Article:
The first time I realized Stanley Tigerman, who passed away on June 3 at the age of 88, was a seriously good architect was when I visited the Illinois Regional Library for the Blind and Disabled in Chicago, which he designed in 1974 and which opened in 1976. Its façade was a squiggle come to life: an undulating line cut into white stucco that let you glimpse the offices inside. The entrance was on the rear, and as you moved past the front you realized that it was just that—a thin sheet propped up to hide a long rectangle clad in metal panels painted bright orange. You parked behind the box before stepping inside where the same squiggle now appeared in plan as a counter that dipped up and down, allowing people in wheelchairs to speak directly to the staff on the other side.

What I had noticed in the publications about the building was the expressiveness of its forms and colors (the cross bracing was painted bright yellow), its references to the act of design itself (that squiggle), the car ironically outlined in the façade of the service building behind it to tell you that the parking was there, and the Pop Art references. What I experienced was the beauty of its composition in three dimensions, the logic of its zoning and plan, and the sheer exuberance of its forms, all of which Tigerman intended to appeal to a sight-impaired clientele that could appreciate such strong shapes and hues.

Illinois Regional Library for the Blind and Disabled

It could be tempting not to take Stanley Tigerman seriously. He was a showman, an impish questioner of all received truths and pompous personalities. His favorite mode was sarcasm delivered with a twinkle in his eye (a cliché that suited him like no one else). I soon learned not to be deceived. His designs may have appeared lighthearted and humorous (his Daisy House in the Indiana Dunes was shaped like the male sex organ, complete with white steps erupting from the main shaft and a façade that referenced an open mouth), but they were always seriously good. That was true whether he was designing a house or a building with weightier implications, such as the Illinois Holocaust Museum, a succession of arches and gables receding to a central tower of remembrance, a plan that is both logical and full of spatial effects. This architect controlled his building elements like an old-fashioned maestro.

Illinois Holocaust Museum
Illinois Holocaust Museum

Trained at Yale and in his early years at Skidmore, Owings & Merrill, he was steeped both in the grid- and window-wall obsessed environment of his native Chicago and in the dedication to learning and the humor that marked his Jewish upbringing. Tigerman became one of the central figures in the American version of Postmodernism that mixed a rediscovered (or reimagined) vernacular with a lighthearted version of Classicism and a delight in popular culture. With the founding of the Chicago Seven (the name alluded to the protesters who went on trial in the city after the riots at the 1968 Democratic Convention), Tigerman assembled a group that rejected Modernism as a tool of capitalist oppression; through his deanship of the architecture school at the University of Illinois at Chicago he became the Godfather of Postmodernism, Midwestern Chapter.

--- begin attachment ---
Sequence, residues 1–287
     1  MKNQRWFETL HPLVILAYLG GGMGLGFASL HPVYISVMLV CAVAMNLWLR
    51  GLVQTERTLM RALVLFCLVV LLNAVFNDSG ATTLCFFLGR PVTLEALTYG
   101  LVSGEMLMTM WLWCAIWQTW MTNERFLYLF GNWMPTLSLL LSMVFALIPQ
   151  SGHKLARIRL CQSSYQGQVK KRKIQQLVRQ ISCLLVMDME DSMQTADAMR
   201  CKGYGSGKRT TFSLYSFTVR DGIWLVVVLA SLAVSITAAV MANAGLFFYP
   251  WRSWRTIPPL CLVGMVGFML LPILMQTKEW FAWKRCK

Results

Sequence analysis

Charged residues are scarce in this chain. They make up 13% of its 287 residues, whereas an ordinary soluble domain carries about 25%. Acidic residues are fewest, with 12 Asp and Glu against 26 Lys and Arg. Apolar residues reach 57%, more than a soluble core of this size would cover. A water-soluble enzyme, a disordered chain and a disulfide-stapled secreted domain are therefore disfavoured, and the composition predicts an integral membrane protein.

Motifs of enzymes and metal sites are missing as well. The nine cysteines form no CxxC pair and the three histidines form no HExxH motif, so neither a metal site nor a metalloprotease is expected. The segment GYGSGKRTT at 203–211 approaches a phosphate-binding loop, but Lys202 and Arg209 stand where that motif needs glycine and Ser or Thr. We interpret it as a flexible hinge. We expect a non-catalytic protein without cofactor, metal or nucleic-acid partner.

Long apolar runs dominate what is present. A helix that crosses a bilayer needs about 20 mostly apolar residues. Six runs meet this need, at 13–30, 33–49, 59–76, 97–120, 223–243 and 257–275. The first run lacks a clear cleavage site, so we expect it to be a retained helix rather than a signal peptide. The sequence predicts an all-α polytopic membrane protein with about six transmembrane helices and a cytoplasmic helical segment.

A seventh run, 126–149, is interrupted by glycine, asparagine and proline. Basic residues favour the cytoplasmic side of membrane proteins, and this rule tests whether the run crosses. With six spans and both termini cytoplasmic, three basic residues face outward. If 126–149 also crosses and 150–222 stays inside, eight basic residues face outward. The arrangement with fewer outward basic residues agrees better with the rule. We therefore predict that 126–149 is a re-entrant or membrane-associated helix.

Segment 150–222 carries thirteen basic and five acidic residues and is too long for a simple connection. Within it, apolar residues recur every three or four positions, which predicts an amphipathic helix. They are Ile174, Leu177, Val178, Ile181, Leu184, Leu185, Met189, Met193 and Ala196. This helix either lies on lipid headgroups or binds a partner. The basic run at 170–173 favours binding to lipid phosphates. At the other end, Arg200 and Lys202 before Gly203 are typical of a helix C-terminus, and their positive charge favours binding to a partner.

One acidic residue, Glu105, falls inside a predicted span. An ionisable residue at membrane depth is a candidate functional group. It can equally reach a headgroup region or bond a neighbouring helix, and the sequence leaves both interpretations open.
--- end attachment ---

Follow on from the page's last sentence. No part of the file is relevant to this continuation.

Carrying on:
Perhaps ringmaster might be a more apt term: at Circle Campus, as the school was then called, he collected a menagerie of both established and up-and-coming designers and thinkers and set them up for students to compare and contrast. When he gave me a teaching gig there in 1987, he paired me with Patrick Pinnell, an architect and historian with a more classical bent. “It was like watching a good Ping-Pong match,” one of our students later recalled. Tigerman also urged me on into a debate with Jeff Kipnis after he gave a lecture there, so that soon the entire school was standing around and above us on balconies as if they were watching a boxing match.

For all those who have missed the beauty and importance of his work because it was overshadowed by his self-deprecating humor, or because he lived and worked almost exclusively in Chicago, or because Postmodernism came and went in but a moment, I would say, look again, go see the work.

Tigerman’s academic and theoretical work was as serious as his buildings were disciplined and functional. He believed in the importance of architecture as both a moral and ethical act rooted in our consideration of values, and in its social responsibilities. It is remarkable how much of his built work, which in the latter part of his career he produced in partnership with his equally talented wife, Margaret McCurry, was for social purposes. He never built skyscrapers (even though he loved them) or other corporate structures, and he never developed a large office as a result. After turning the school at Circle Campus into one of the best programs in the country, he co-founded Archeworks, an interdisciplinary nonprofit laboratory dedicated to architecture and design that made a material difference in people’s lives.

Because our society does not value such dedication the way it does commercial or media success, Tigerman never received the amount of international respect or recognition some of his peers did. Not that it seemed to bother him. He continued to design, question, comment, and urge all of us to fight for an architecture infused by both memory and the belief that we could build a better world. For all those who have missed the beauty and importance of his work because it was overshadowed by his self-deprecating humor, or because he lived and worked almost exclusively in Chicago, or because Postmodernism came and went in but a moment, I would say, look again, go see the work. Stanley Tigerman was, in every sense of the phrase, a truly great architect.